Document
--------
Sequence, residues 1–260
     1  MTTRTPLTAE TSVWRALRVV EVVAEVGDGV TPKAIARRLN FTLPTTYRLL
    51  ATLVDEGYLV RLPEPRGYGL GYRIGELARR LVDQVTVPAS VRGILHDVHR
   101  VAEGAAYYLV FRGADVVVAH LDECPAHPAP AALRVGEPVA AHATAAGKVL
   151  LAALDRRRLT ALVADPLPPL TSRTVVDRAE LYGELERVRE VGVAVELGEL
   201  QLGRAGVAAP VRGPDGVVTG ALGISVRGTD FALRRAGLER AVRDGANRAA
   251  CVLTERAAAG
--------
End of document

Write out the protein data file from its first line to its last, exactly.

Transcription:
Sequence, residues 1–260
     1  MTTRTPLTAE TSVWRALRVV EVVAEVGDGV TPKAIARRLN FTLPTTYRLL
    51  ATLVDEGYLV RLPEPRGYGL GYRIGELARR LVDQVTVPAS VRGILHDVHR
   101  VAEGAAYYLV FRGADVVVAH LDECPAHPAP AALRVGEPVA AHATAAGKVL
   151  LAALDRRRLT ALVADPLPPL TSRTVVDRAE LYGELERVRE VGVAVELGEL
   201  QLGRAGVAAP VRGPDGVVTG ALGISVRGTD FALRRAGLER AVRDGANRAA
   251  CVLTERAAAG